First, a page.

Naomi Haas, MD, discusses the current areas of ongoing research in the treatment landscape for patients with prostate cancer.
Naomi Haas, MD, director, Prostate and Kidney Cancer Program, associate professor, Medicine, Hospital of the University of Pennsylvania, discusses the current areas of ongoing research in the treatment landscape for patients with prostate cancer, specifically metastatic castration-resistant disease.
There are several studies exploring bispecific T-cell engager (BiTE) therapies, which is different from other approaches as it allows for repeat dosing that could be an advantage or disadvantage to the patient. Haas says the advantage to BiTE therapy is that the therapy can be generated and don’t need to be made specific.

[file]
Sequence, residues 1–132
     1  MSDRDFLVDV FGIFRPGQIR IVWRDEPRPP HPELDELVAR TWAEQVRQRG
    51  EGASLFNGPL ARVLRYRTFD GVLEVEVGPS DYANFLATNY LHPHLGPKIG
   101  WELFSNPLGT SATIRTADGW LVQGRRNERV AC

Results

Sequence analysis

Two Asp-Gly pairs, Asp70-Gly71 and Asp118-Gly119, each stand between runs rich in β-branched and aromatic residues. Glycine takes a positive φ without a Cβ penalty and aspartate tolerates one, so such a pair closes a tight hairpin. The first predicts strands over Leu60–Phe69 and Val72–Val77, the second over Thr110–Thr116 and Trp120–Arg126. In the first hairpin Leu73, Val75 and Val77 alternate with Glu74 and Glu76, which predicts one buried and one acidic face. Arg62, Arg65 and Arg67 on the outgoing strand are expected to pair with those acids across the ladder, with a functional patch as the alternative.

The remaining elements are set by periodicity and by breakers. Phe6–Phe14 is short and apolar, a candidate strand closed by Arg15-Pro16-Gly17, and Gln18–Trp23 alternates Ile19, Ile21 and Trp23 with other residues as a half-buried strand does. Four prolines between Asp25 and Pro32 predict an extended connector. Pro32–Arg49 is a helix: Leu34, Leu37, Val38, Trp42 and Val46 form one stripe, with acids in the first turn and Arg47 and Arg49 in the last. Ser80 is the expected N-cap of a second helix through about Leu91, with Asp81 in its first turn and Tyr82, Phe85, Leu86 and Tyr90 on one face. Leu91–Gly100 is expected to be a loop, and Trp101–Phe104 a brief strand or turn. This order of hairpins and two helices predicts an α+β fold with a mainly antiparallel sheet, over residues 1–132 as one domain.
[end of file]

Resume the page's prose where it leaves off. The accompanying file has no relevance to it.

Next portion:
The CART trials, exploring adoptive chimeric antigen receptor (CAR) T-cell therapies, are patient-specific, so to make a CART, patients must undergo apheresis to remove the T cells, then the T cells are infected with the lentivirus, Haas says. The BiTE therapies are generated more synthetically.
Lutetium is in between in terms of research as there are little data on a second set of repeat dosing. At this time, Haas says CART is where physicians think of 1 dose or maybe a second retreatment dose, lutetium is between 2 and 4 doses, and BiTE therapy is given more chronically to patients.